Budding Portland Personalities

July 26, 2012


One of the best parts of momming is watching the personalities of your children unfurl before your eyes – even when you are shocked by things they pick up outside the home.  Recently, I have been particularly taken by how much friends influence them – even at the young ages of 5 and 4. (Not sure what I expected here. To send them to school all day and have them come home as the same sweet, innocent darlings (!) I sent them off as when they started in October? That’s probably more like wishful thinking.)

Lately, Grace has been saying things like ‘b.f.f.’ and ‘Can So Andso sleep over my house?’ and ‘I only want to wear dresses’ and ‘Oh heck no. That outfit is not nearly cute enough for me to wear.’ (OK, that last one was my interpretation of her saying ‘It’s just not too cute!’ – but the implication of her actual words were what I wrote.)

Gavin, on the other hand, is now into sports and sports teams (he keeps going Giants, we reply “Eagles”. So far, he’s not buying it because he’s got new buddies from New York here in Portland.) He’s also big into rhyming non-words with words that he comes up with. For example, the boy does not like to be embarrassed. Or frustrated. And when either of these things happen, he hurls blame-filled insults at Kenny and I like – “Stop it! Don’t make me fall, pacho muchacho (!?)” after he trips and falls over his own two feet. (That little burst of klutziness is proof alone that he is, in fact, mine.) Or – quite possibly my favorite – “You made me drop my bucket of Legos, noosh-doosh!” (Anyone else think it feels like a Summer’s Eve around here… ?!). I like to ask him what the words means – and the replies usually go something like “Pacho muchacho means armpit.” To which I say, “You are quite smart. How do you know that?”…”I just know it, mom.” or “So Andso at school told me.” Nice. Five points for imagination and creativity. Subtract one for already figuring out to blame someone else at school.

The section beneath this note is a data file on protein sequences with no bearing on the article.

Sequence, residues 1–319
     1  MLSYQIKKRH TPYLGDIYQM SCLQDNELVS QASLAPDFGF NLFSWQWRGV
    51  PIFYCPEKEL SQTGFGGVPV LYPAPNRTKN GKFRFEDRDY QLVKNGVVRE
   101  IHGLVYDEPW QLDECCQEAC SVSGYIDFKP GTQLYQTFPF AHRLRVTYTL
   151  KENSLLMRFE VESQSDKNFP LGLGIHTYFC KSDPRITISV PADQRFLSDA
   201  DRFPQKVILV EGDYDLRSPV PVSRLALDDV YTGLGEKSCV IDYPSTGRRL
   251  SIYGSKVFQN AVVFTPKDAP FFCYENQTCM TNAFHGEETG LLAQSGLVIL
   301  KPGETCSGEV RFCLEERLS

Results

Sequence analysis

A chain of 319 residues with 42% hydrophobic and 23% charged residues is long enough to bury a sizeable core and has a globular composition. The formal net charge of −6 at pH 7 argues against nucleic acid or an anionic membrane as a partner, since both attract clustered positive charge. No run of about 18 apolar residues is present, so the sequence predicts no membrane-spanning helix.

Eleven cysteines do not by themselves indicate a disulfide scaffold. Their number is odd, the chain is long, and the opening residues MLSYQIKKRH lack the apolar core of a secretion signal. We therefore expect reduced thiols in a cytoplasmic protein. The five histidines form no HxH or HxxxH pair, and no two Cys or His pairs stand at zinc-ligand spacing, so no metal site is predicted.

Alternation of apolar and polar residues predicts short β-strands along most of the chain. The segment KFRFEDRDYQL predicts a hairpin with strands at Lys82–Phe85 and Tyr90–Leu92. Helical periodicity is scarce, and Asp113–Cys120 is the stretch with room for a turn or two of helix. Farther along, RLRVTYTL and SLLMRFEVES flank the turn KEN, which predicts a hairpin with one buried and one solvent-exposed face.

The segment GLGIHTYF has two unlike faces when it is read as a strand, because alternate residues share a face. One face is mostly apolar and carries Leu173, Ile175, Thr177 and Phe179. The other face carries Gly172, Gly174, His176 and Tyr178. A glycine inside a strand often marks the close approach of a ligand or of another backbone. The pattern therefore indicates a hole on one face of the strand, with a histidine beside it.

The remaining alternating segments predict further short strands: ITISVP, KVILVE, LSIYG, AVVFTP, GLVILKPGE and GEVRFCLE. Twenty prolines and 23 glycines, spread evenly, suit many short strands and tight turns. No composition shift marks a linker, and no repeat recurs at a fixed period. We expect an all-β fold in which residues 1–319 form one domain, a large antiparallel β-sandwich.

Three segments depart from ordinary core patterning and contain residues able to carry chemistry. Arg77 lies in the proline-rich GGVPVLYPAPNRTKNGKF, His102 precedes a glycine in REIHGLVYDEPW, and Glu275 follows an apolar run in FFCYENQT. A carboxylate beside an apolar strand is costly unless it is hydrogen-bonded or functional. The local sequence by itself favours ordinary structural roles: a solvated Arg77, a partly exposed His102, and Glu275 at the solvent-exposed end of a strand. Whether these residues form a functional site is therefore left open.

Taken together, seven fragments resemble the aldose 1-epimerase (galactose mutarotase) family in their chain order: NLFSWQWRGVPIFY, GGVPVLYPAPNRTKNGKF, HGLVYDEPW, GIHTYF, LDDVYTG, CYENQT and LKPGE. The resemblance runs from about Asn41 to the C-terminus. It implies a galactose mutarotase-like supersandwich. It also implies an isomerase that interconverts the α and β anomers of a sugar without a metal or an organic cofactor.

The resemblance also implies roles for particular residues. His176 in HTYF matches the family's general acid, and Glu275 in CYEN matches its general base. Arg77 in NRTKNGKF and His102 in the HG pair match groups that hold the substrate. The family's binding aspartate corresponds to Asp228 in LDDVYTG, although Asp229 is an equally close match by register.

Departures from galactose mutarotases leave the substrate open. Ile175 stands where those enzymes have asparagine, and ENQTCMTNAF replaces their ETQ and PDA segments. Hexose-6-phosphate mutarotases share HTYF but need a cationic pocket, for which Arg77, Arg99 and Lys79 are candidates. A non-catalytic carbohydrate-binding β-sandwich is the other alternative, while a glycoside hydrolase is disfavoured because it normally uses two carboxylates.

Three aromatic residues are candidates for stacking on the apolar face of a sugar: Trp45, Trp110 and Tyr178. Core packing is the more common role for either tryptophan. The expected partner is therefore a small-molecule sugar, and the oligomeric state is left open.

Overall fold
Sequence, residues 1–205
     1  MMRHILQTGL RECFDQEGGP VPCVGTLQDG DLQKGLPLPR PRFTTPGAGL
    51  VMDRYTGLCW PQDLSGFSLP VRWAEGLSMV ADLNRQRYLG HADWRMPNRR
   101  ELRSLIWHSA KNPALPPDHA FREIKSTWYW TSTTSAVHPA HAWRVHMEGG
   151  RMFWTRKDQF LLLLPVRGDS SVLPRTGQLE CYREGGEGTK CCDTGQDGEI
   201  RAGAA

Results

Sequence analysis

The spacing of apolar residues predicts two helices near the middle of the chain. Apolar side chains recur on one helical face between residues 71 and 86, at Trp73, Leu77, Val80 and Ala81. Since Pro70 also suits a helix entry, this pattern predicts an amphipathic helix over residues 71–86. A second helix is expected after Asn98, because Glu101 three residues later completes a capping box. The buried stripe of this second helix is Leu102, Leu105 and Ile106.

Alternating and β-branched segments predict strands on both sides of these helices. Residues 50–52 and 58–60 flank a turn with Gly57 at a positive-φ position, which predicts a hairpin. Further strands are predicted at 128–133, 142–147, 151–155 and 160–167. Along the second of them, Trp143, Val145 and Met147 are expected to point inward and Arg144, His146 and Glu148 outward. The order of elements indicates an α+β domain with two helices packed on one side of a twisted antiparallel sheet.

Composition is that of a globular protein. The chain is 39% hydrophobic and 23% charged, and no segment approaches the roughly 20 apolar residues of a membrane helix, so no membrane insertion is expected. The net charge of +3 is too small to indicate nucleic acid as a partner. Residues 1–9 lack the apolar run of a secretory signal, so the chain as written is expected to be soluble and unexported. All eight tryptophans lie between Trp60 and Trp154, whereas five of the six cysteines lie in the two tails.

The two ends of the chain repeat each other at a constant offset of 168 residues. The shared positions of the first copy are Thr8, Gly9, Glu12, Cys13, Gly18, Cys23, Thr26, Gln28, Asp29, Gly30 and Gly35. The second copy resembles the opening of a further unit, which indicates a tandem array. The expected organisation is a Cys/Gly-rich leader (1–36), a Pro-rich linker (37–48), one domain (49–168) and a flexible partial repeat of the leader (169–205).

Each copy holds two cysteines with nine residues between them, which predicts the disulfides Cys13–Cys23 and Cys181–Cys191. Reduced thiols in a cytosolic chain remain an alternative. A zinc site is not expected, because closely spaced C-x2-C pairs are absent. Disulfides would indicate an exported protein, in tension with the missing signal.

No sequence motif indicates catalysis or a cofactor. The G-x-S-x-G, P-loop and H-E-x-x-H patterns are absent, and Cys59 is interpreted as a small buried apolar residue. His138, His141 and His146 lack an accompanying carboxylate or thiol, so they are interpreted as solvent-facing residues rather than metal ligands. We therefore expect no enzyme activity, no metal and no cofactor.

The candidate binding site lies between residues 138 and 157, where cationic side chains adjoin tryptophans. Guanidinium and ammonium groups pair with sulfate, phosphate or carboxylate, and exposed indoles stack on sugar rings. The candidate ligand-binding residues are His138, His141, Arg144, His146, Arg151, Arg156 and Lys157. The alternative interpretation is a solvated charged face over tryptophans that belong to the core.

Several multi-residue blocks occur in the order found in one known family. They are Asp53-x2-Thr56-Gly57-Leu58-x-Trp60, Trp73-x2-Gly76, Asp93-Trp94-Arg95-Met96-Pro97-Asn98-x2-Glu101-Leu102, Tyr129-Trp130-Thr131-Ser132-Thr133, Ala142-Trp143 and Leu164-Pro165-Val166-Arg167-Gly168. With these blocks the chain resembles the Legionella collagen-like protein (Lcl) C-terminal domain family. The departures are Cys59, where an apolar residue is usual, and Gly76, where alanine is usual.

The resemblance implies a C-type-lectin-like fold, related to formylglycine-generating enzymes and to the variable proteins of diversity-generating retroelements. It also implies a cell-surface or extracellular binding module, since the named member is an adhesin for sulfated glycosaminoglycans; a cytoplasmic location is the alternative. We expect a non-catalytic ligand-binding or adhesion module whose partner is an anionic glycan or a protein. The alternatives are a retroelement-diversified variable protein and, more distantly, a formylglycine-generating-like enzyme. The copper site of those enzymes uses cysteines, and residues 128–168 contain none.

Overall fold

Kenny and I haven’t changed our personalities (I mean really, we’re old and tired – no room for growth here, people), so it’s gotta be the friends, right? Either way, it’s slightly terrifying, but mostly hilarious to watch them try to define themselves in their small fry social circles, picking up a few things here and there from those they spend a lot of time with and then having that come out at home. On a more serious note, while it’s funny, I hope we are giving them everything they need so they remain true to themselves. I also wonder if they’d be different back in Philadelphia than they are here? Interesting to think about, right?

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